Supreme Court Summaries
Opinions filed December 28, 2012
Cooney v. Rossiter, 2012 IL 113227
Appellate citation: 2011 IL App (1st) 102129-U.
CHIEF JUSTICE KILBRIDE delivered the opinion of the court, with opinion.
Justices Thomas, Garman, and Karmeier concurred in the judgment and opinion.
Justice Burke specially concurred, with opinion, joined by Justices Freeman and Theis.
This Cook County plaintiff, along with her parents, filed a 2007 circuit court action seeking damages for the tort of intentional infliction of emotional distress. The defendant is a general and forensic psychiatrist who was appointed by the circuit court as a psychological evaluator to make recommendations to the court in connection with the woman’s custody dispute with her ex-husband, which arose after the 1998 entry of a judgment of marriage dissolution. This appointment had initially been requested by the ex-wife herself, but she was unhappy with the results. Defendant, in the report furnished, opined that the ex-wife and her parents were delusional and that the two children involved should be removed from their mother’s custody and have no further contact with her. A change of custody was granted, and the Department of Children and Family Services later made a finding of abuse and neglect against the children’s mother. In the complaint, she accused the defendant of making false statements and a false evaluation. The trial court dismissed the action on the basis of res judicata, and the appellate court affirmed.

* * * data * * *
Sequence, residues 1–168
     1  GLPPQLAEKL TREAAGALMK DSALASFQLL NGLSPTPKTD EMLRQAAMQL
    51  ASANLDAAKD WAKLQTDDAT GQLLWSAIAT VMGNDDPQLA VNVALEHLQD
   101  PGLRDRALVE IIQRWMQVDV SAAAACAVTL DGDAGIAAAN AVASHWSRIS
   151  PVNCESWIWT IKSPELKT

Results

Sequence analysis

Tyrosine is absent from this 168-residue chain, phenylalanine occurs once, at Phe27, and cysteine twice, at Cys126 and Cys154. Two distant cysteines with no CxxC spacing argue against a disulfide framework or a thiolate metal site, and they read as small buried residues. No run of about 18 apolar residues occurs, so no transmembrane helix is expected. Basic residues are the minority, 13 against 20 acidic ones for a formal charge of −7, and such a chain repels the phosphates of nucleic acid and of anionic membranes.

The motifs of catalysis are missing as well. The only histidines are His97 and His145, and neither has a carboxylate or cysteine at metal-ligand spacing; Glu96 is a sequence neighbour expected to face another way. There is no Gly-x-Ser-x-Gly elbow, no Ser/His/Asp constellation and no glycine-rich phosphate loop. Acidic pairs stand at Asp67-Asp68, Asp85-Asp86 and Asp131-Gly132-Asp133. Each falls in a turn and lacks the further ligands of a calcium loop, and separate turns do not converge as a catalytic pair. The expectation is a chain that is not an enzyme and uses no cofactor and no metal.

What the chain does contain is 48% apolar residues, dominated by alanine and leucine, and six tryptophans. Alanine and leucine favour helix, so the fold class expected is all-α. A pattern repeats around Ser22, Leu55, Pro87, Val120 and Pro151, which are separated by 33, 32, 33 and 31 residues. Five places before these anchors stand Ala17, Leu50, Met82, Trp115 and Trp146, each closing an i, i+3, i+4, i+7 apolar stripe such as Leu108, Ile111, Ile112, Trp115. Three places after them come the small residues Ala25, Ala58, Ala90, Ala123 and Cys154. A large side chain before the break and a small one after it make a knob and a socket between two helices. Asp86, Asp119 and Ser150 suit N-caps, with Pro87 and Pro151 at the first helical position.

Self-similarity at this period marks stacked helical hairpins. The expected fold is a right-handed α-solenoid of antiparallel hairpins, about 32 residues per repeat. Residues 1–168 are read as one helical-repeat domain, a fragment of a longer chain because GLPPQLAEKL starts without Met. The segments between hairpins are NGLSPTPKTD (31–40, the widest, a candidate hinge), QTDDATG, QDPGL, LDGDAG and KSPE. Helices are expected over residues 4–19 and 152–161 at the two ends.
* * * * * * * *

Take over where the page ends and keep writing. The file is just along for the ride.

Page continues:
The basis of the res judicata holding was a separate class action that the ex-wife had filed earlier in federal court seeking civil rights relief against defendant and others for their role in child custody proceedings. That action was dismissed for the immunity of such evaluators, and that dismissal was affirmed on appeal in the federal court system.
In this decision, the Illinois Supreme Court agreed that all the elements of res judicata were present. Both suits involved the same set of operative facts. The circuit court properly dismissed the state tort action, and the appellate court’s affirmance on that basis was proper.
However, the supreme court held that the appellate court did not need to reach the immunity issue, and the part of its order that did so was vacated.
The supreme court also held that the appellate court’s ruling, which originally took the form of an unpublished Rule 23 order, should not have been withdrawn after the petition for leave to appeal to the supreme court had been allowed. A motion to publish was later granted by the appellate court and another opinion was filed. These actions taken after the allowance of leave to appeal to the supreme court were beyond the jurisdiction of the appellate court, and its orders in connection with them were vacated.